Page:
Documents to download

The scope of the discussion on human rights and civil liberties in the UK can be very widely drawn. The UK has a strong history in the development of international standards on both of these issues, having been part of the drafting process for the Universal Declaration of Human Rights (UDHR) and for the European Convention on Human Rights (ECHR).

This Library Note looks at human rights and civil liberties in the UK, focusing on recent political developments in these areas. It examines the Government’s plans for the repeal of the Human Rights Act 1998, and its subsequent replacement with a new British Bill of Rights, alongside issues raised by other legislative proposals such as the Investigatory Powers Bill. The Anderson Report, A Question of Trust – Report of the Investigatory Powers Review, is also examined. Other recently passed Acts of Parliament are very briefly discussed, including the Protection of Freedoms Act 2012 and the Modern Slavery Act 2015.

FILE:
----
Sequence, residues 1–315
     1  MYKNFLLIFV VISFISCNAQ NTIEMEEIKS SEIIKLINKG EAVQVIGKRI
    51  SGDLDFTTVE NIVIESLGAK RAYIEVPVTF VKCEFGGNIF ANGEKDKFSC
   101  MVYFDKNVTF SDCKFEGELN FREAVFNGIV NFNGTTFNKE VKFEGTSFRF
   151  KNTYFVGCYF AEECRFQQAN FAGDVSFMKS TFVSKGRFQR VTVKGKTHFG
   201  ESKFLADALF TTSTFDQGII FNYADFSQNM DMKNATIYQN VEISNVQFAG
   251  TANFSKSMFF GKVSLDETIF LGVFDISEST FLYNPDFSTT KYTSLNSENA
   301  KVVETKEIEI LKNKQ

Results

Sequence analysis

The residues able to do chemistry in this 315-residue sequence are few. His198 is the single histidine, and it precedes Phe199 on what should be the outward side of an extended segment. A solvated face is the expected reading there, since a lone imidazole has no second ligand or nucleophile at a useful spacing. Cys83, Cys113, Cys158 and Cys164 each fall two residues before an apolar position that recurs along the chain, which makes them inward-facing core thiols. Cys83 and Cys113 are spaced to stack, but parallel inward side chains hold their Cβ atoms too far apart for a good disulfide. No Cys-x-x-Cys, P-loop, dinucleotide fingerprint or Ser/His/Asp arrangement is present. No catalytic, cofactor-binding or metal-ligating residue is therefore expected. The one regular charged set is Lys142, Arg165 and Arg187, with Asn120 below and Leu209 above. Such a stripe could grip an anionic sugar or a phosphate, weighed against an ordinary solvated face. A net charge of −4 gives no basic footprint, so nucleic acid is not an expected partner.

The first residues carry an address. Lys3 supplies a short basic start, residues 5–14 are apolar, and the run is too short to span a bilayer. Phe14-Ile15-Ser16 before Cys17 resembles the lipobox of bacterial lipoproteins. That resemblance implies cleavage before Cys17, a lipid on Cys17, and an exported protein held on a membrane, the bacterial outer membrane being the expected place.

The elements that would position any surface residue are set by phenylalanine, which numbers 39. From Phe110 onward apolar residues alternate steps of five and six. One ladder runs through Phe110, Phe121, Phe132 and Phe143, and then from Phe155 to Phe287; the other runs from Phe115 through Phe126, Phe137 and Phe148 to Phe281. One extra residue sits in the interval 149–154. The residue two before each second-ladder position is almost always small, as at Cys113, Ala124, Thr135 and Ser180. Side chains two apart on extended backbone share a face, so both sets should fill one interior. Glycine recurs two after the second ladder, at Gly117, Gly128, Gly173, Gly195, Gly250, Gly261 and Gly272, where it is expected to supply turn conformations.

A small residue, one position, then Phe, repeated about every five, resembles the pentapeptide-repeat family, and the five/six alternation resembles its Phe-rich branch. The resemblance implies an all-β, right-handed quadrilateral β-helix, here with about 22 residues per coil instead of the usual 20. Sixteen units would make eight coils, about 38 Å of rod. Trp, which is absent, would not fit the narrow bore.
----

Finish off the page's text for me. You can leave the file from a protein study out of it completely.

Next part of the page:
The Note therefore provides context for the public and political discourse in the UK regarding the reconciling of the legislative agenda with the need to uphold certain conventions and principles of human rights, alongside the concerns of crime prevention and national security.


Documents to download

Related posts

  • The European Union (Withdrawal) Act 2018 provides the UK Supreme Court and the High Court of Justiciary in Scotland with the power to depart from retained EU case law after the end of the transition period. Draft regulations, introduced by the Government in October 2020, seek to extend this power to the Court of Appeal and other equivalent courts and tribunals. This article looks at the detail of the regulations and recent scrutiny that has taken place.

  • ‘Hate crime’ is used to describe a range of criminal behaviour that a victim or other person perceives to be motivated by hostility or prejudice towards a person’s disability, race, religion, sexual orientation or transgender identity. These aspects of a person’s identity are referred to as ‘protected characteristics’. There have been recent calls to extend the protected characteristics to cover sex and gender. This would see misogyny become a hate crime.